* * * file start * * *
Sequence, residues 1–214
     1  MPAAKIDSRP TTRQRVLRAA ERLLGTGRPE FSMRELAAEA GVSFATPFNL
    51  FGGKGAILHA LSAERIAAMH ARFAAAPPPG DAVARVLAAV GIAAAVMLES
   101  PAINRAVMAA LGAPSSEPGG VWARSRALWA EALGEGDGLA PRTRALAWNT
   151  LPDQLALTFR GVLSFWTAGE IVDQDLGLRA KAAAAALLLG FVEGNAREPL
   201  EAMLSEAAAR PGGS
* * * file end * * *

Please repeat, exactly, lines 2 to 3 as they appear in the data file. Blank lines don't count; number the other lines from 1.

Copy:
     1  MPAAKIDSRP TTRQRVLRAA ERLLGTGRPE FSMRELAAEA GVSFATPFNL
    51  FGGKGAILHA LSAERIAAMH ARFAAAPPPG DAVARVLAAV GIAAAVMLES